“The first time I worked him at Santa Anita, I knew he was a really good horse,” he said. “The track was really deep that morning, and he went around there effortlessly. His first race, he ran incredibly and showed how special he was.”

That kind of intuition is what separates Baffert from his rivals, fellow Hall of Famer trainer D. Wayne Lukas said.

“Bob’s got a great feel for it,” he said.

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Matthews ready to return to Maple Leafs lineup after missing a month



NASHVILLE — The hurtin’ tune that Auston Matthews has been singing for the past four weeks finally can be put in the remainder bin in Music City.

The Maple Leafs’ top centre on Wednesday declared himself set to return to the lineup after recovering from a right shoulder injury.

Wonderful timing, of course, considering the Leafs will take on the No. 1 club in the National Hockey League, the Nashville Predators, on Thursday night.

“In my mind, I think I’m ready to go and taking it as I’m getting ready to play (Thursday),” Matthews said after resuming his normal role, between William Nylander and Zach Hyman, during practice at Bridgestone Arena.

“It felt good, nice to get in all the reps and everything. (Wednesday) was a good step forward in that process, going through the line rushes.”

It seemed probable that the Leafs also will have defenceman Nikita Zaitsev, who missed the past five games as he recovered from an illness, against Nashville. Zaitsev was paired with Jake Gardiner, his regular partner, at practice.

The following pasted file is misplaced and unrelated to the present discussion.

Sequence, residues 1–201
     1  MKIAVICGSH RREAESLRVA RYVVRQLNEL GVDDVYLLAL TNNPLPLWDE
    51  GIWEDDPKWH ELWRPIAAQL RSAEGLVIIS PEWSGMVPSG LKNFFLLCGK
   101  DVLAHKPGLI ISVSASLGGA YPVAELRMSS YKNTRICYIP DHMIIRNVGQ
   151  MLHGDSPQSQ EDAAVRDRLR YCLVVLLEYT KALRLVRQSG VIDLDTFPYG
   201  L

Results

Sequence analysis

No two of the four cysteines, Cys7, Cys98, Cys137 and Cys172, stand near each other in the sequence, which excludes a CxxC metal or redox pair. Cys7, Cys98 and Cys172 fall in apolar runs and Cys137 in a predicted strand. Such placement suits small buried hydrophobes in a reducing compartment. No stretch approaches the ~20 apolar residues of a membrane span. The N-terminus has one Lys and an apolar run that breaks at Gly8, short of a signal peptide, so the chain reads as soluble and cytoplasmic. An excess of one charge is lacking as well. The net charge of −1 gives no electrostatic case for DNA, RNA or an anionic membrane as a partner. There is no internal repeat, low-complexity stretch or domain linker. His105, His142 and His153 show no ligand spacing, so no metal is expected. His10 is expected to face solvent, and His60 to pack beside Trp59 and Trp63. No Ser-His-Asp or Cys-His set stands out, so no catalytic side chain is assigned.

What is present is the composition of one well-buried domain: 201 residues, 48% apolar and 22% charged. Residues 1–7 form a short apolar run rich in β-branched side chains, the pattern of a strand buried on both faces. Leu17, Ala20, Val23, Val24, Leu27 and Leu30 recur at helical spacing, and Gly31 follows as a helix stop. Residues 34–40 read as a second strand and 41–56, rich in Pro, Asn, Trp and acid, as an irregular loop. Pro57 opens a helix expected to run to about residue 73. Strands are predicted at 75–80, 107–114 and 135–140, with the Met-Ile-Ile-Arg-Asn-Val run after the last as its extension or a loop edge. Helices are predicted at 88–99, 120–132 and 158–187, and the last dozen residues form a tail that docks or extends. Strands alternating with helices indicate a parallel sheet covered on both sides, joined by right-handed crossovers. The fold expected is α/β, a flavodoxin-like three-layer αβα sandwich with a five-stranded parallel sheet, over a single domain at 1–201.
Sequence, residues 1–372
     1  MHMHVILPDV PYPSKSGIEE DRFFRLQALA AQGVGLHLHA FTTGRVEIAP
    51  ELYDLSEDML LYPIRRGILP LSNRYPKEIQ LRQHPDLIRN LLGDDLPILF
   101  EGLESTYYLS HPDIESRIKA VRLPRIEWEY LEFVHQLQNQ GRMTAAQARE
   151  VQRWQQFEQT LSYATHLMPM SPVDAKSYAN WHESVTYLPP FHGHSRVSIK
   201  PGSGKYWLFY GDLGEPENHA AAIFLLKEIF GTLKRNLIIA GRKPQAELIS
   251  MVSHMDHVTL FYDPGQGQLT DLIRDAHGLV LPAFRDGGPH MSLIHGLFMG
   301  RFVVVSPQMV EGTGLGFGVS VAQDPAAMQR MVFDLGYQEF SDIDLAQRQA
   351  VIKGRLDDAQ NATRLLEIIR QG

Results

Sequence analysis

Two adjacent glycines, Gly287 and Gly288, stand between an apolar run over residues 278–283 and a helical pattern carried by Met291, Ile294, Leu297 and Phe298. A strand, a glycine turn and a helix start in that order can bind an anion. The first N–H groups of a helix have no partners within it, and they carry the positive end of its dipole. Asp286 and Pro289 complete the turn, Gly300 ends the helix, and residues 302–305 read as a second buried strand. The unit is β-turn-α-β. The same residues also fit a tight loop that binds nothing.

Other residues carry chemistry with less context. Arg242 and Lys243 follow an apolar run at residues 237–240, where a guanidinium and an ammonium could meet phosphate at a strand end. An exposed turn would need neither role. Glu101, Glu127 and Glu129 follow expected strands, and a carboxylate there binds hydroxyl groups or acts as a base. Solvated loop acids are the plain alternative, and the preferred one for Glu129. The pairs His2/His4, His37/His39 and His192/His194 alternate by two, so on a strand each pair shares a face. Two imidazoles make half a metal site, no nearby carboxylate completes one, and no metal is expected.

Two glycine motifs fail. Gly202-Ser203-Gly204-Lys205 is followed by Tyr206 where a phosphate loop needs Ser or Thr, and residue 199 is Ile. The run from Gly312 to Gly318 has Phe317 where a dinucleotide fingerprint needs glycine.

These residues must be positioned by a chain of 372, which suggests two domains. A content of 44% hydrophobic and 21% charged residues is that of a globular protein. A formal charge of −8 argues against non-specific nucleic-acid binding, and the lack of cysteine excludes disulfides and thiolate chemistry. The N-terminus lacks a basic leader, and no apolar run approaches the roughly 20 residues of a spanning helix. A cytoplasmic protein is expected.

For Matthews, it has been 10 games as a spectator with his latest injury, his third of the 2017-18 regular season after he missed four games in November with a back issue and then sat for six in December because of a concussion.

Thursday will mark four weeks since Matthews was hurt when he was sandwiched by the New York Islanders’ Cal Clutterbuck and Adam Pelech in a game at the Air Canada Centre.

A major bonus for Matthews in his recovery has been the fact he has been able to skate though much of his recuperation. That was not the case when he was out with his previous two injuries.

It’s worth noting that Matthews scored two goals versus the Montreal Canadiens upon returning on Nov. 18 from his back injury; in his first two games upon coming back from a concussion, he scored a goal in each.

Mike Babcock said a final decision on the participation of Matthews and Zaitsev against the Predators would be made on Thursday morning, but the Leafs coach was talking as though it would be a rubber stamp.

“This is going to be the best opportunity for (Matthews) because he has been able to skate and compete,” Babcock said. “The other times he was not able to do anything.

“To get him back … it’s still going to be going way faster than he has been practising, so there is going to be an adjustment period, but he’s a good player and he will figure it out.”

Defenceman Morgan Rielly didn’t think Matthews will take long to find his footing. Rielly missed six games in late January/early February with an arm injury, so knows what Matthews could be feeling.

“You’re nervous and you just want to get back into it,” Rielly said. “You play your first shift a bit hesitant, but after that it’s important you get back to yourself.

“It’s never easy, but Auston is one of those guys that I will imagine it won’t take long for him to get back into a rhythm.”

And there’s the trickle-down effect through the forward lines with Matthews in uniform.

“Guys are used to playing with certain players and when everyone is healthy, I think you get better chemistry throughout the entire lineup,” centre Nazem Kadri said. “Certain guys don’t have to play with different guys constantly and it’s just more of a set group, so I think it’s going to help us.”